We’ve all seen the photos.
Those aspirational shots of remote workers and freelancers curled up with a laptop (almost always a MacBook Pro), on a beanbag on the beach.
I’ll address the photos in a moment (TL;DR: I’m calling BS). But first I’ll explain what this article is all about: Giving you some realistic strategies around how to work outside when you work from home.
There’s nothing worse than watching a glorious day drift away while you’re stuck inside huddled over a keyboard. With that in mind, we’re going to look at some ways to get out into the good weather and still be productive – as well as how feasible it really is.
But first – those photos.
How to Work Outside: My Early Experiences
Those laptop on the beach pictures? Sorry, but I don’t buy it.
I say that as somebody who’s allowed sand to get near the keyboard of a MacBook Pro – and has the repair bills to prove it. And while the gorgeous (and very bright) screens on MacBooks are one of the reasons I list them among my best laptops for freelancers, they’re very hard to see on a bright day, let alone in direct sunlight.
I have a lot of experience of this. Back in 2009 I moved to Portugal. I’d read The Four Hour Work Week, and I was all set to take my freelance career to the next level from the comfort of my lovely, bright new balcony.
I quickly realised it doesn’t really work. While you can get some work done, it’s not possible to be truly productive when you’re squinting at the screen.
An example: I’m typing this very article sitting outside in my garden – how’s that for authentic?! While the actual typing part is just-about-OK, everything gets much harder when I want to search for a link or flick to another window.
While I can see the text – just about – as soon as I need the mouse pointer, I have to raise my sunglasses and squint to find it. Now I appreciate I probably couldn’t get more “first world problems” if I tried, but in reality this makes my workflow stuttery and frustrating – and much slower than normal.
These are the lessons I learned in Portugal. I searched online for a solution at the time, and the only thing that really works is a rather unwieldy tent contraption called a LapDome.
Now these tents do seem popular (especially right now, based on the delivery lead time on Amazon), but to me they don’t quite point to the kind of comfortable freelance freedom I yearned for on my balcony.
I researched other options. I actually bought one of the very first Paperwhite-style Kindles which, at the time, had a rudimentary keyboard at the bottom. Sadly my hopes of doing any kind of writing on them were quickly dashed – just too slow and too unintuitive.
So that was about it for me. I never really cracked the mystery of how to work outside while I was in Portugal. I generally ended up racing to get finished (indoors) so I could enjoy the last couple of hours of sun.
But recently – for various reasons – I decided it was time to give it another go.
Working Outside in 2021
A lot has happened in the past few years, not least a (still ongoing) global pandemic. Obviously this has resulted in a huge increase in the number of people working from home (and, I would assume, a corresponding increase in the number of people looking for advice on how to work outside!)
On a personal level, the pandemic has curtailed my ability to travel – and it was something I used to take plenty of advantage of. I’ve been stuck here in the UK for over a year, and we’ve had a very long and wet winter. My yearning to be outside has reached a whole new level – hence my renewed interest in making it work on a work day (and hence me writing this article).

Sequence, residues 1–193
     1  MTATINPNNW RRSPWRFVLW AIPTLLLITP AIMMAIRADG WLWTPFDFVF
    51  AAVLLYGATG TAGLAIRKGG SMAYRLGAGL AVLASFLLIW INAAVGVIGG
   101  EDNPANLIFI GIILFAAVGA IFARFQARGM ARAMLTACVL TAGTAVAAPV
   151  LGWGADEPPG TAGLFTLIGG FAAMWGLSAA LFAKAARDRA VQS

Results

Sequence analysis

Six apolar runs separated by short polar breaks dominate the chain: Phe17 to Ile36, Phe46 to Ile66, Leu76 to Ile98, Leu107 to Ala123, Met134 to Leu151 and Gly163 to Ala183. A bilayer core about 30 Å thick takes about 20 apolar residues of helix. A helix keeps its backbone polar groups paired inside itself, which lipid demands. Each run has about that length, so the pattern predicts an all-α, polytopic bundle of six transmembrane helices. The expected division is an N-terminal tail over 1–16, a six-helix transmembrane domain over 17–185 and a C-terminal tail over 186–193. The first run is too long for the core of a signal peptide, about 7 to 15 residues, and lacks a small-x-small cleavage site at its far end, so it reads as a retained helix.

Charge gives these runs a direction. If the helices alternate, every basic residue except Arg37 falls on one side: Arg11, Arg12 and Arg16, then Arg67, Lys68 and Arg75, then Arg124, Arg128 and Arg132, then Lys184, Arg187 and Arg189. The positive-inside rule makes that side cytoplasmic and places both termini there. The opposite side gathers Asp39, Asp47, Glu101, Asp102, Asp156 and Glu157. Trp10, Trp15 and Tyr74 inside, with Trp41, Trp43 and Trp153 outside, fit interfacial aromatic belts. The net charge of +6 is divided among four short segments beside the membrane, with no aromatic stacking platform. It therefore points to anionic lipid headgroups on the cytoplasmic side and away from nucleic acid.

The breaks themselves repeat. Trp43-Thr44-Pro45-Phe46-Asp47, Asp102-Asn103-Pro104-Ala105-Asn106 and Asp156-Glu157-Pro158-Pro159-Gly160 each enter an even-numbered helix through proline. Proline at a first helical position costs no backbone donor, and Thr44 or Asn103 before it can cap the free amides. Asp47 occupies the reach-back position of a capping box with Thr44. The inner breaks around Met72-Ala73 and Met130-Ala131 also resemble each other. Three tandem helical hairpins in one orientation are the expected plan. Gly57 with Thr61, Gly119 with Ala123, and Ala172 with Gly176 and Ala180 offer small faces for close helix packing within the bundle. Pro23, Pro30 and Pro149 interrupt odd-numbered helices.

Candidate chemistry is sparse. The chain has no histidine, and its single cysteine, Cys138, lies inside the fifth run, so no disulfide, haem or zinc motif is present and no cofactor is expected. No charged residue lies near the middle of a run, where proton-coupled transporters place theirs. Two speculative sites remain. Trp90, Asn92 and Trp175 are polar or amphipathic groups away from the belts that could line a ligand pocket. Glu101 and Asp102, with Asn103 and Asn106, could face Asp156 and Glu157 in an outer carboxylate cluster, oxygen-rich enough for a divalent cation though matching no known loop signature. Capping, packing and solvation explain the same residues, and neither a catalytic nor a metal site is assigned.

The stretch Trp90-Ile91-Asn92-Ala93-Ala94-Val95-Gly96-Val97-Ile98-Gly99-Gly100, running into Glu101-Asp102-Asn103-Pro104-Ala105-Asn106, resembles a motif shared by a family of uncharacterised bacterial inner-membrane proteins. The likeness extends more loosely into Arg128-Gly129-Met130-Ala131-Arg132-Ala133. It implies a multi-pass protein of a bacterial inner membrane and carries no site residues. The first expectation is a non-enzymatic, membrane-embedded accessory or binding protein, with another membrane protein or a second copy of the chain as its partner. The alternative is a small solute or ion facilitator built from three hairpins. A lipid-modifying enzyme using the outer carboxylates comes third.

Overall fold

Thankfully, there have been more positive changes too. Technology has moved on, in terms of both hardware and software. Back in Portugal I’d never have been able to see my laptop screen at all, but they have many more “nits” of brightness nowadays, so at least it’s possible to use them in the sun – if not that comfortable.
Software is a big thing too – and having the right apps can mean there are quite a lot of tasks you can perform with just your phone – more on that in a moment.
Tips for Working from Home Outside
Let’s move on to what you can do to make that working outside dream come true.
Sort Out Your Screen
If you want to get real work done outside then – let’s be honest – you need your laptop, AND you need to be able to see if properly.
The right laptop is the place to start. Unfortunately, the brightest screens tend to be on the most expensive laptops. When you look at specifications, be sure to look for that nits figure.
As an example, the current MacBook Pro’s screen has 500 nits, while the MacBook Air has 400. That makes the Pro’s screen 25% brighter – a possible reason to splash on the more expensive model if working outside is important to you.
To put this into even more perspective, I looked up the screen nits of a “budget” Acer Aspire laptop: 258. Suddenly my tired old point that “you get what you pay for” with laptops has fresh new relevance!
It’s not only about the screens themselves. If you like the whole tent concept, maybe it’s worth giving the LapDome a go. I may buy one myself, and would love to hear from anybody who’s tried one.
There’s also a much more lo-fi way to deal with this: Think about where you sit. Since starting to write this article, I’ve relocated from my garden table to a beanbag in the shade and – thanks to my bright screen – I’m now working pretty comfortably. I’ve sacrificed the suntan for the ability to see my mouse cursor but – hey – I’m still working outside, which beats looking yearningly out of the window.
Make Sure You’ve “Got The Power”
Another area where you get what you pay for with laptops is in battery life. It’s not much use getting settled outside if you’ll have to run in and charge up after an hour.
Depending on where you’re working, you may be lucky enough to have an outdoor power source, or the ability to run a cable out of the window. But it’s not an elegant solution.